Earlier in the week another student was telling me about what he had done over the long weekend.  He had gone to his grandparent’s farm and helped prepare the live poultry for dinner.  Since he had to grab them by the throat he referred to it as “choking the chicken.”  I had to hold in the laughter because I honestly believe he did not know the other meaning of that phrase.  Neither did any of the other students hanging around, not even a snicker from any of them. 

And finally – I keep saying that there is a reason I teach math and not English.  But according to a Facebook online quiz (which are totally reliable and accurate), maybe I should be teaching English.

Mebbe not.

Wednesday, October 22, 2014

Intersection from hell.

I wrote about an incident at the intersection of 21st South and 13th East that happened last Saturday.  I got onto Facebook today and a friend of mine who is the manager at the Chevron there wrote:
That's bad intersection, today at the same intersection someone was hit by a car.  The same guy (butt crack boy) in fact.

And then just about an hour later he posted:
 And now this happens because they have the intersection blocked off, smh.

 I'd love to avoid this intersection, but unfortunately I have to go through it twice a day to get to work and home.  Either that or go 20 blocks out of my way.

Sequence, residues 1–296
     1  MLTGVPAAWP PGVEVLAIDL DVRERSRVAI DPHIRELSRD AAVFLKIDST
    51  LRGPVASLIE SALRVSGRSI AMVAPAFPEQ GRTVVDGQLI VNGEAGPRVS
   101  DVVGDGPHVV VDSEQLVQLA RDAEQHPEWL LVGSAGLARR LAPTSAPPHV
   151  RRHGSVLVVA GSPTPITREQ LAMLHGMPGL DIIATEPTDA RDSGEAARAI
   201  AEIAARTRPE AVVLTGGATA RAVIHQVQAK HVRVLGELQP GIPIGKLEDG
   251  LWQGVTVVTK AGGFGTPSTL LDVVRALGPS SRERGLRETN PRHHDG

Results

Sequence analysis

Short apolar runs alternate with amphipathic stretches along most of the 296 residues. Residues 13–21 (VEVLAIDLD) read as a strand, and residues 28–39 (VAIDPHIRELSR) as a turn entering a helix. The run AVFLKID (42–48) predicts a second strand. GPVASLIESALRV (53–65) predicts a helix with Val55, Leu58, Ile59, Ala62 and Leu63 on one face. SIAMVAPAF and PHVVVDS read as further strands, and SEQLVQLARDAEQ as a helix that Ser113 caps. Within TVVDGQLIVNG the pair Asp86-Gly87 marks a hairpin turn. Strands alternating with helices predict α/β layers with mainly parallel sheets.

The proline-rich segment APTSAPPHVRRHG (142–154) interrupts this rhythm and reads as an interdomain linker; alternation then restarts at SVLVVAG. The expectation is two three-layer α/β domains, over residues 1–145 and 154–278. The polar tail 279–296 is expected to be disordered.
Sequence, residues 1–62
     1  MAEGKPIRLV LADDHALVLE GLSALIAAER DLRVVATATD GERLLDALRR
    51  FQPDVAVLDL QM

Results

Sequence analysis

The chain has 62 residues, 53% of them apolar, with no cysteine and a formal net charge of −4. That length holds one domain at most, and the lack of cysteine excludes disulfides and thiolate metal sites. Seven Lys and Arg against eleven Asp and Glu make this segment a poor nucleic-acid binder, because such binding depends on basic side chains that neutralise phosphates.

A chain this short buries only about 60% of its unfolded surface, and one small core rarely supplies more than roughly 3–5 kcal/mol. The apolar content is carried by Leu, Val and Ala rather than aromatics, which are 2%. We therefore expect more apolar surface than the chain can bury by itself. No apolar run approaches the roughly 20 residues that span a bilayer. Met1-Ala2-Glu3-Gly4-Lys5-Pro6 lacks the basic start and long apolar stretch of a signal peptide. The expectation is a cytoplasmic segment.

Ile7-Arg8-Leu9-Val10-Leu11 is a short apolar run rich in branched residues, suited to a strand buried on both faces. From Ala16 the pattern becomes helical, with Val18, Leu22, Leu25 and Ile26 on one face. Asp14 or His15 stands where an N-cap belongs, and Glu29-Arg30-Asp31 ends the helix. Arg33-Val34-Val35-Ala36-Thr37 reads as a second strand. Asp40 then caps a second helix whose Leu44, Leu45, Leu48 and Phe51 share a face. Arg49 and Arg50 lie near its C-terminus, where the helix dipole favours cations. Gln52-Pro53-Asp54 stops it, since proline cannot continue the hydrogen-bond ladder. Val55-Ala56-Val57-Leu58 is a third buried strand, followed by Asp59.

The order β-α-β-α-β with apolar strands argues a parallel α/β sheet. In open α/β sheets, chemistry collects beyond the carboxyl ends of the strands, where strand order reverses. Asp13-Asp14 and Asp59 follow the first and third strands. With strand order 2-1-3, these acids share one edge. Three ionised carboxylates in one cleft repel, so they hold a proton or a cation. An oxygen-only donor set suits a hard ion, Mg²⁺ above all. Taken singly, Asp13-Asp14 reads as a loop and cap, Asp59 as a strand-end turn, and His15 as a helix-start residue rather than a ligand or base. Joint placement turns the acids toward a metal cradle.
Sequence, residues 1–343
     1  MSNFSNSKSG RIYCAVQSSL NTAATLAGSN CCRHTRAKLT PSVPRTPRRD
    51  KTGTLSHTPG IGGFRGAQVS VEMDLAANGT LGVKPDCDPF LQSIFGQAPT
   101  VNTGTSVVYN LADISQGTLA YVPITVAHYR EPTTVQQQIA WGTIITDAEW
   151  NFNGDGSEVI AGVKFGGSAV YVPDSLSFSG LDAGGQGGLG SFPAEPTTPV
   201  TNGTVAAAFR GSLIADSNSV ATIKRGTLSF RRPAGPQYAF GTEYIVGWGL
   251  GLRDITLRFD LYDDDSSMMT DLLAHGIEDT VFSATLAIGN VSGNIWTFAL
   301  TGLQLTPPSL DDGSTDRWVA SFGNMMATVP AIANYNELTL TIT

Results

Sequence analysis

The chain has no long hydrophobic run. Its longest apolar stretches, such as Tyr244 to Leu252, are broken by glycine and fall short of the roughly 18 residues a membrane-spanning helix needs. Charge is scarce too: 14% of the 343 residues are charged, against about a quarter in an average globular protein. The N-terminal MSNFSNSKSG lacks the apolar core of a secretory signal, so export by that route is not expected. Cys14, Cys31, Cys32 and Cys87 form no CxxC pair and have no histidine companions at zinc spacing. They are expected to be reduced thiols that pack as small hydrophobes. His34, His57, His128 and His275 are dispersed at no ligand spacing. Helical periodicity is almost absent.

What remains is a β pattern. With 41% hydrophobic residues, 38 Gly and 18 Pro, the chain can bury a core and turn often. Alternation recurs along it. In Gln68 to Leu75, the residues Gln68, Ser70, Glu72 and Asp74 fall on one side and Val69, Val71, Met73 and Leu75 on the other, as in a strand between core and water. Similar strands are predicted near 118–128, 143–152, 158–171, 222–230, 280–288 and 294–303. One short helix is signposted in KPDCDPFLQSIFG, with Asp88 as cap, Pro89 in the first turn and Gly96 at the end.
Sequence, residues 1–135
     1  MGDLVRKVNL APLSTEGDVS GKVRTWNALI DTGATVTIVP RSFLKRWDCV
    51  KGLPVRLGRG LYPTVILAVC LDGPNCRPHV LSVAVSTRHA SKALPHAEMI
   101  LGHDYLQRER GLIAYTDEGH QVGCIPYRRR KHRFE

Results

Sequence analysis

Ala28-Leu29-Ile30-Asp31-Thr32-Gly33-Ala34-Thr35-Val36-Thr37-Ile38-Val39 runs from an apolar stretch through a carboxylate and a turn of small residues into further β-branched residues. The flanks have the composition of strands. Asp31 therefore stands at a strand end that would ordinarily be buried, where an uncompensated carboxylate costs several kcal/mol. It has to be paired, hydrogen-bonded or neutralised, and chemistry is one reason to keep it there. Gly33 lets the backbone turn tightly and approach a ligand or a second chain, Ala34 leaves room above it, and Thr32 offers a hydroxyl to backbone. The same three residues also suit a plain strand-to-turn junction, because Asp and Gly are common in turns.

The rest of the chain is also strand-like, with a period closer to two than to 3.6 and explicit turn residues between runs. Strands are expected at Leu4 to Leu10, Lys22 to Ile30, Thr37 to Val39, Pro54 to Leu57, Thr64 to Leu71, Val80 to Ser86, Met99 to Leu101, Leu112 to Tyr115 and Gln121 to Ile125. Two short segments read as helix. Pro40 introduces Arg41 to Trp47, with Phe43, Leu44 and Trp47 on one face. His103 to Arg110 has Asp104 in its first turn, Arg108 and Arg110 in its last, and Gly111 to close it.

Crazy stuff.

Update:  Here's the article on

Sunday, October 19, 2014

How things have changed.

I saw this 4-Runner on the way home from dropping off payroll today.  Considering how I had to special order my Wrangler to get a manual transmission, it amazed me how much things have changed from when an automatic was so novel that they advertised it.

Saturday, October 18, 2014

Bizarre Morning.

Whoda thunk just filling up the Wrangler could be such an exciting event? [Note: “the other guy”, “the maniac” and “the crazy guy” are all referring to the same person – butt crack boy who started the whole thing.]

On my was to the Chevron this morning, while I was waiting at the intersection of 21st South and 13th East, I saw what I thought was a homeless man going up to cars stopped and asking for money.  It was obvious he was being aggressive, at least in the sense that none of the people in the cars had called him over to give him money.  They kept their windows up and took off as soon as the light let them.

As I was filling up I looked over to see if he was still going out into the road to harass drivers, and saw him (he’s the one with the blue hoodie on and butt crack showing in the first picture) at the driver’s window of a red Mercedes.  It caught my attention when he started banging on the window.

By the time the Wrangler was filled up, he had started punching and kicking the car.  I went to the front door of the Chevron where one of the workers I knew was standing and asked if anyone was calling the cops, I had no idea who was in the car and things were escalating.

A customer coming out of the Chevron was on the phone, and told us that he was calling the police.  By this time the driver of the car (he’s the one in the blue shorts and neon yellow shirt) had gotten out and was trying to keep the assailant from further damaging it.